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Congo Readies for Landmark Elections

A woman at a remote medical clinic in Chambucha. She fled fighting between the Congolese army and remnants of the Hutu militias that carried out the 1994 genocide in Rwanda.
Jason Beaubien, NPR /
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A woman at a remote medical clinic in Chambucha. She fled fighting between the Congolese army and remnants of the Hutu militias that carried out the 1994 genocide in Rwanda.

Later this month, the Democratic Republic of Congo is scheduled to hold its first free elections in almost half a century -- the troubled central African nation hasn't had free democratic polls since 1960.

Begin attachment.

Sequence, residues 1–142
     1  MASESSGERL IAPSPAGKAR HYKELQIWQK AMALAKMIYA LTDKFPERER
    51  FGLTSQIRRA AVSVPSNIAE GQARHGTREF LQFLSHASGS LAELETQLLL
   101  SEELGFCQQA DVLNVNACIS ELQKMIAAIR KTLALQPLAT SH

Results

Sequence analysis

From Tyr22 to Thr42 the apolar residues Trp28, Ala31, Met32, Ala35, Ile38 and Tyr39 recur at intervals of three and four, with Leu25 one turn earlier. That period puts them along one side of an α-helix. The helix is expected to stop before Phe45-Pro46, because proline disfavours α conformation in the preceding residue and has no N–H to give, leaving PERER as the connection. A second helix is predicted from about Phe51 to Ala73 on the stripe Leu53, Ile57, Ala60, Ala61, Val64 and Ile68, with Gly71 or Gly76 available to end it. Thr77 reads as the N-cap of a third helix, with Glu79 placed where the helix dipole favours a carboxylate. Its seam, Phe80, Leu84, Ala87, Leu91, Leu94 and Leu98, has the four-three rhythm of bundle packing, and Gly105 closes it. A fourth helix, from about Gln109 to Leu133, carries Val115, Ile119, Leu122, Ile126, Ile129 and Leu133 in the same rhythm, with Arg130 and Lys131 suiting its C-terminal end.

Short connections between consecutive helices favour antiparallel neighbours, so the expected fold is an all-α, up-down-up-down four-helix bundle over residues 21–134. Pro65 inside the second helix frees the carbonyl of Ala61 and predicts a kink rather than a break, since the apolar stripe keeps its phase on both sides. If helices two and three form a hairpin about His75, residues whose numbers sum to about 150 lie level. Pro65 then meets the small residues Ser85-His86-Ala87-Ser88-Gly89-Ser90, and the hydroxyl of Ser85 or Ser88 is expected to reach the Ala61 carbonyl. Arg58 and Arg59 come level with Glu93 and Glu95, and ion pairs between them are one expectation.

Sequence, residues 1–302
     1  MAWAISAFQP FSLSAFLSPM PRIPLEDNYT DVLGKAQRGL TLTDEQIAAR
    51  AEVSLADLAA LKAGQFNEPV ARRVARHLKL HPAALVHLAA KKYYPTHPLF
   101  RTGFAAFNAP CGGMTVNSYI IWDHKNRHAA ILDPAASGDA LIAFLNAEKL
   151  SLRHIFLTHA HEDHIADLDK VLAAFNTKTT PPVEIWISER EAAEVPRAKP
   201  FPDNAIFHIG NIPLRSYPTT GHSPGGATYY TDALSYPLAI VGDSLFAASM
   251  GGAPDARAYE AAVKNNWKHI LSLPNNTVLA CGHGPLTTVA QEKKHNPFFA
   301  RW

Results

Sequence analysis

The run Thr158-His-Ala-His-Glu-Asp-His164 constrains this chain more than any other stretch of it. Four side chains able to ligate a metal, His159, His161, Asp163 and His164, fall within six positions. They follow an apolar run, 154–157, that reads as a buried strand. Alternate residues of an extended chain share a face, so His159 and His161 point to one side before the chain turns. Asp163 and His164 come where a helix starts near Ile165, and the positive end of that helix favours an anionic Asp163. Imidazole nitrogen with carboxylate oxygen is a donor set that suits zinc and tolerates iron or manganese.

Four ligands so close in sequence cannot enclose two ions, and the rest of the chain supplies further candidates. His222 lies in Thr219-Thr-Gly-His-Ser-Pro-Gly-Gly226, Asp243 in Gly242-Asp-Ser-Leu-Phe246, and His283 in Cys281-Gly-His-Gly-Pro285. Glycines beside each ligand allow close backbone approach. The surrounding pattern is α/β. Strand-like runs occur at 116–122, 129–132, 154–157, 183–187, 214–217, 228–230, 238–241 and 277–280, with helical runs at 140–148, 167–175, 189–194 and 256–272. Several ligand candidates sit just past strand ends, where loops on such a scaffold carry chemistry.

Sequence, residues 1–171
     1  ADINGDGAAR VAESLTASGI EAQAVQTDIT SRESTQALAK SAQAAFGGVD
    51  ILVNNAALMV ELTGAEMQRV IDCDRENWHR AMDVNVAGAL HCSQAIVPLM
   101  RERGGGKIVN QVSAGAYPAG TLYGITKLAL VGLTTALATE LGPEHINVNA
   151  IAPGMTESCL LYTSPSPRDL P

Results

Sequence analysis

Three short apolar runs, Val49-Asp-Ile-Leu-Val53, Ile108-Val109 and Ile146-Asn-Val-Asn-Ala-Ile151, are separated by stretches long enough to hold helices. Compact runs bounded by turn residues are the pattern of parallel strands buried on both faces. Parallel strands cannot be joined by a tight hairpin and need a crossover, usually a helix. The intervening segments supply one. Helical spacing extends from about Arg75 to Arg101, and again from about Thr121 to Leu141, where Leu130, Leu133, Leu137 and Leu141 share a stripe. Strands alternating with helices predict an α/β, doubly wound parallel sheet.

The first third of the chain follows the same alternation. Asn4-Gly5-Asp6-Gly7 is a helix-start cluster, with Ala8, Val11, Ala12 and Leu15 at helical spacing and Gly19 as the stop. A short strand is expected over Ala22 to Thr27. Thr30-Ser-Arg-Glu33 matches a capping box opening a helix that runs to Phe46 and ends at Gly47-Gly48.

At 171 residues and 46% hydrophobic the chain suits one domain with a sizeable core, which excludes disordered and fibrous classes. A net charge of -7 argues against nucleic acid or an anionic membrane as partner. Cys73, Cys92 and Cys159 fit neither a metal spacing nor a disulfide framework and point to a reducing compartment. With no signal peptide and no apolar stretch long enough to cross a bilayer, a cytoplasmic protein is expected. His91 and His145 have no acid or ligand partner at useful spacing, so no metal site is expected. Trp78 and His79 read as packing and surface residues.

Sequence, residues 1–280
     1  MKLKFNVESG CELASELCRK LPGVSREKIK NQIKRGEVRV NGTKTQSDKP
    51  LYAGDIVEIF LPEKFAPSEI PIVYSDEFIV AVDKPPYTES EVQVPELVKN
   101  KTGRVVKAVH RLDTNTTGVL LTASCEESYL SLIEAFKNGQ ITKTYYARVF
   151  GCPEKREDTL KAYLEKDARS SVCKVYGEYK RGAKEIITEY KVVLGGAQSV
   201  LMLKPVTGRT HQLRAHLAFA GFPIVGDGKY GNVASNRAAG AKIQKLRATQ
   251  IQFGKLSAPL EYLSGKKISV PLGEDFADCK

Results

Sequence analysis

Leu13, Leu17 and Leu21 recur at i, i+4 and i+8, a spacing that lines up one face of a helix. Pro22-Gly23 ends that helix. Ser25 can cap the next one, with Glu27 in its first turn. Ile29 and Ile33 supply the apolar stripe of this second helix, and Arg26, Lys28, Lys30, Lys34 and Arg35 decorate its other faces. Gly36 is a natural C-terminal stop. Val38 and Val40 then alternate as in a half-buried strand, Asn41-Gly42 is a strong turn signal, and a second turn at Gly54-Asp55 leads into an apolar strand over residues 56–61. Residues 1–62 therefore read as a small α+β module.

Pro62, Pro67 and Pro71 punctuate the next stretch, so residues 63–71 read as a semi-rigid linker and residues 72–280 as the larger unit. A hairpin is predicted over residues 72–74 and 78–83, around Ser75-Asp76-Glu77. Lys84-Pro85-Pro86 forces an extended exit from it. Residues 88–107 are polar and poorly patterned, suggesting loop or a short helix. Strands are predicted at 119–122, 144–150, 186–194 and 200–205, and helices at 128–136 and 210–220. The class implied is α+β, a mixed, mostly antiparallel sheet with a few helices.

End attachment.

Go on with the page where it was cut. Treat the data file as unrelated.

With international donors spending more than $400 million on the polls, the elections are the most expensive elections ever held in Africa. But backers say it's worth the hope that a representative government can lead Congo out of years of turmoil.

If none of the 33 presidential candidates gets 50 percent of the vote on July 30, there will be a runoff.

Copyright 2022 NPR. To see more, visit https://www.npr.org.

Jason Beaubien is NPR's Global Health and Development Correspondent on the Science Desk.
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